How to Learn Faster Using Prior Knowledge
Memory competitions can be pretty insane. You can’t help but be impressed when someone memorizes a deck of cards in exact order in under a minute.
While most of us will probably never compete as a memory athlete, that doesn’t mean we can’t learn a few things from their impressive feats.
I’m not just speaking about how to quickly memorize pieces of information. But how to apply their methods to help you learn faster and more efficiently.
Making the Unfamiliar More Familiar
So how do memory champions memorize huge lists of random words with seemingly little effort?
The method they employ is called a “memory palace”. It’s a common strategy used to associate new information with very familiar, personal locations. They make a strong association between the new piece of information and the location. Thus making it easier to remember when they try to recall the information.
Memory champions aren’t the first ones to pick up on this. Scientists are familiar with this method as well. For you, it’s a quick glimpse into how you can learn more effectively.
While these memory champions aren’t necessarily learning, they are committing information to memory. An important first step in learning. So let’s take a look at what’s going on.
Research from Carnegie Mellon noted an interesting relationship between working memory and the strength of information at hand. Their study found that it is easier to learn new information when it is composed of concepts that you are already familiar with.
Here’s what they did.
They took their favorite guinea pigs – 20 undergraduates – and had them learn something that they were completely unfamiliar with. In this case it was 64 Chinese characters. They learned the characters in 3 hour long sessions, once a week, over the course of a month.
The experiment gets a little more complex than that. In these sessions they were trained to do a visual search for the symbols among similar characters. The scientists selected half of the Chinese characters to pop up more often. 20 times more often, in fact. This was an effort to make some characters more familiar than others to the participants.
There was an additional task. Each week the students had to memorize an association between a pair of the symbols and a random English word. The pairs were always new, and made up of either the low frequency or high frequency characters.
Results Are In!
Can you guess what happened?
The scientists found that people remembered the novel character symbols more easily when they were composed of the more familiar Chinese characters. In short, new information was easier to learn when it was associated with information that was already familiar.
This same concept has been used by the memory athletes for years. But is has important lessons for both teachers and students. Reder – a lead on the study – had this to say about the results:
“This work has implications for how to optimize instruction, specifically that concepts should be introduced to students in a way that they have a good grasp and familiarity with those concepts before trying to combine them into more complex informational structures.”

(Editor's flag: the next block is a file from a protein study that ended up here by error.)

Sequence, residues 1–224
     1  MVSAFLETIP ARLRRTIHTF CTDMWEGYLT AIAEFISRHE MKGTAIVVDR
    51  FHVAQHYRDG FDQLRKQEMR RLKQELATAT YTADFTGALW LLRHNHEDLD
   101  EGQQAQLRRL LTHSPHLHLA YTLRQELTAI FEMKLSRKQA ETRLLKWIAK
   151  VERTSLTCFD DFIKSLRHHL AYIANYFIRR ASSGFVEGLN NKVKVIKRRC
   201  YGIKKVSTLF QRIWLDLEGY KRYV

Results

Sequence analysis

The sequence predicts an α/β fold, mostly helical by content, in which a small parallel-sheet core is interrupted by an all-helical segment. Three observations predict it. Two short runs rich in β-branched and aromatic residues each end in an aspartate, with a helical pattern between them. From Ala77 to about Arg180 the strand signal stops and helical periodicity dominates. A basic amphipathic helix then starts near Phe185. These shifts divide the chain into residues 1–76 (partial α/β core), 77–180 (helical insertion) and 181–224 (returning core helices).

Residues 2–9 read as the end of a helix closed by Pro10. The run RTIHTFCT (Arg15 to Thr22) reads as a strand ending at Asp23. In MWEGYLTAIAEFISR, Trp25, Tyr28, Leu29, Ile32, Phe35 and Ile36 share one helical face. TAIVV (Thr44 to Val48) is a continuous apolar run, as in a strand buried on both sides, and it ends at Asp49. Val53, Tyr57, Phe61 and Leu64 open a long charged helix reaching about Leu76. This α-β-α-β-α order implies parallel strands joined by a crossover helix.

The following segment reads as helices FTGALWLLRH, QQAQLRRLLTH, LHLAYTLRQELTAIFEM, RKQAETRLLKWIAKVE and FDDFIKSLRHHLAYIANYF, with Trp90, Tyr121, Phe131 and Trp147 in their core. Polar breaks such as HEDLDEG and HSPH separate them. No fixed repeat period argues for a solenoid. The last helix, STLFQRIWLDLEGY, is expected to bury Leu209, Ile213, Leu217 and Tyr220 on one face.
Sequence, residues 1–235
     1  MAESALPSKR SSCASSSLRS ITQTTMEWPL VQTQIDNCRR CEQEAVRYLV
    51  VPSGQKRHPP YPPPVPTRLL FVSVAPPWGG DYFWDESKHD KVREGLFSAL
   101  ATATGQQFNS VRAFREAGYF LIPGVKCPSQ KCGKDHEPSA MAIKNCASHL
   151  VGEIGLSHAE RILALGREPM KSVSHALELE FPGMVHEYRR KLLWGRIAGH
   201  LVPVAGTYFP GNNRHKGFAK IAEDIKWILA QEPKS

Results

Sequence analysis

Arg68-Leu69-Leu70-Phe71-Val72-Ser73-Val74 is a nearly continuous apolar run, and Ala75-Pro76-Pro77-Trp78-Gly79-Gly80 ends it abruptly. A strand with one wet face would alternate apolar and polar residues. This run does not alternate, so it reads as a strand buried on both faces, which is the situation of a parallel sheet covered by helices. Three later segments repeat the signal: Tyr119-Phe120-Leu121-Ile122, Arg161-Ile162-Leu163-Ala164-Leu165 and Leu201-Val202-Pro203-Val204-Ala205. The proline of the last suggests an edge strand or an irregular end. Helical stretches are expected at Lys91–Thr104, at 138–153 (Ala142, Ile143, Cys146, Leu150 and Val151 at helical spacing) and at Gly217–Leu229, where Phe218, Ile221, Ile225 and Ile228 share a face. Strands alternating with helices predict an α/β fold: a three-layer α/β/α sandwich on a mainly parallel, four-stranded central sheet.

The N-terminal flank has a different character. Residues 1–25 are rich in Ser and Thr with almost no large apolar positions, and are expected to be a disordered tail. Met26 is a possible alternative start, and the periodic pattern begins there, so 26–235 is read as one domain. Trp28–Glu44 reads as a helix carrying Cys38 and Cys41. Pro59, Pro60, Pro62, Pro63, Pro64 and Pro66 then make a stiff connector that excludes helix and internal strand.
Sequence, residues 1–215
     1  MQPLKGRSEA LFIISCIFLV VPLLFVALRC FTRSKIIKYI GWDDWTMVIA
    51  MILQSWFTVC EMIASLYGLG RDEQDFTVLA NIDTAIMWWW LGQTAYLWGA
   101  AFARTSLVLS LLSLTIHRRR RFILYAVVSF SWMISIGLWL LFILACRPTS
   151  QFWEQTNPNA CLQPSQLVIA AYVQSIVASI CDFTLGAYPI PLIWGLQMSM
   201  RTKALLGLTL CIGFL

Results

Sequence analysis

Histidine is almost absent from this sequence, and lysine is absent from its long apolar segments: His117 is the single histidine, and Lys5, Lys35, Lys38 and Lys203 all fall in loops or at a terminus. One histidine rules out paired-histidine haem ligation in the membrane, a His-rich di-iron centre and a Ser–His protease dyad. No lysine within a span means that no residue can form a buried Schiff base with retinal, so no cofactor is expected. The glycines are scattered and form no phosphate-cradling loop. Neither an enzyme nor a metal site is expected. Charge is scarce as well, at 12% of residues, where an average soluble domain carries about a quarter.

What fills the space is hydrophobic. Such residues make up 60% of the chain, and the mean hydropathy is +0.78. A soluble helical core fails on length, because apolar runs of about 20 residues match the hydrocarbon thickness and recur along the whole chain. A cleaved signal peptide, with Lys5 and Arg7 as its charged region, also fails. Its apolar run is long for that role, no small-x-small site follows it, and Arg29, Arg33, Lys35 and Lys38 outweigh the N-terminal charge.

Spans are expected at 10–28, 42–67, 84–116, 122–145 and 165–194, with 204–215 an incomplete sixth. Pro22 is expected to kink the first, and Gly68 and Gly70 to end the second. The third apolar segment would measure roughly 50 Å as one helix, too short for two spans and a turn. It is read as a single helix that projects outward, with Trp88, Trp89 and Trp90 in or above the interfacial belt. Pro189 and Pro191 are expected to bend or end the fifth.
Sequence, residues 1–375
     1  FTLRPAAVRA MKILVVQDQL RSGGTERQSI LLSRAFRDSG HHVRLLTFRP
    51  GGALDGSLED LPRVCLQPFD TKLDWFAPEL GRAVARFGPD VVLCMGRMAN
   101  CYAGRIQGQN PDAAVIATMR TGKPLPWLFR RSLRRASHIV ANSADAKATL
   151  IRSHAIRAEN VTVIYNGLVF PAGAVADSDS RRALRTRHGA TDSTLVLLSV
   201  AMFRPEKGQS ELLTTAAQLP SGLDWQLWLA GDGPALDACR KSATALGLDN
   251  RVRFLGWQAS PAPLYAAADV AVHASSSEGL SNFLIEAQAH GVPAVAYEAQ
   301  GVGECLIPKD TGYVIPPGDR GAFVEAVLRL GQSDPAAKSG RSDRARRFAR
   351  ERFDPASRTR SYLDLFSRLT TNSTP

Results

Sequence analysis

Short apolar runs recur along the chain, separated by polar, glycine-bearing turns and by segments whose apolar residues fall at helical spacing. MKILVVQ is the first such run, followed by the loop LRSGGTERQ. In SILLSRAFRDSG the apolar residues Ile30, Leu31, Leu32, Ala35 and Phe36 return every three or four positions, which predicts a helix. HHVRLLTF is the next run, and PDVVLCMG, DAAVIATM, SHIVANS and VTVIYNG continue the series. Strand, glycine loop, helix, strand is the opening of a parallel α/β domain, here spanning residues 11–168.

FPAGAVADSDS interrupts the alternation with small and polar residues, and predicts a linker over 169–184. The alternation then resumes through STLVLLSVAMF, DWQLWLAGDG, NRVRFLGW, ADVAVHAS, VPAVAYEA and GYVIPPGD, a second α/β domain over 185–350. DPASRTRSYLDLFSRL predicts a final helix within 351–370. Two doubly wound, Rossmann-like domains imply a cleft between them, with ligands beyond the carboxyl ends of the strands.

There’s some other solid evidence to back this up. More than just memorizing some Chinese characters.
A 2014 study that was published in the Journal of Cognitive Neuroscience found a which part of the brain helps in this process. The – brace for it – medial prefrontal cortex. It’s basically the front part of your brain that helps you link new information to ideas and concepts that you’re familiar with.
This study, as well, went to the go to guinea pigs of the research world. Yes, more college students.
Marlieke – a neuroscientist from Radboud University in the Netherlands – took students in their second year from two different areas of study. The first being biology and the second pedagogy.
While measuring brain activity with an fMRI scanner, the students learned information that either related to their chosen area of study or the one they weren’t familiar with.
The following day, those students were tested on the new information. Not surprisingly, the students remembered the new information better if it was related to their area of study.
Links, Bridges, and Gaps
They found that the front part of your brain signals the firing of existing information. This in turn makes the memories for the new information stronger when learning. Van Kesteren points out this importance in education:
“…if we know exactly how our brain uses prior knowledge, we could try to address that knowledge more selectively before we start learning new information. For example, you could consider how the new information is related to what you already know.”
There’s still some questions to be answered, but the takeaway is pretty clear. Whatever you can do to associate new information with familiar memories, concepts, and ideas, the easier it’ll be to remember and learn.
Association is also related to another great study tip.
Space out your study sessions.
This concept – called distributed practice – will do you more good in the long run than a one time cram session. Giving time for your memories to consolidate will help you familiarize yourself with new information. Thus, it will make newer incoming information easier to learn. Also….it’s a lot less stressful.
So when you’re sitting in class, or learning any kind of new information, do this:
Take a quick second and think about how this new information is similar to what you already know. The more concepts you can relate it to, and the stronger those associations, the better.
Svein Halvor Halvorsen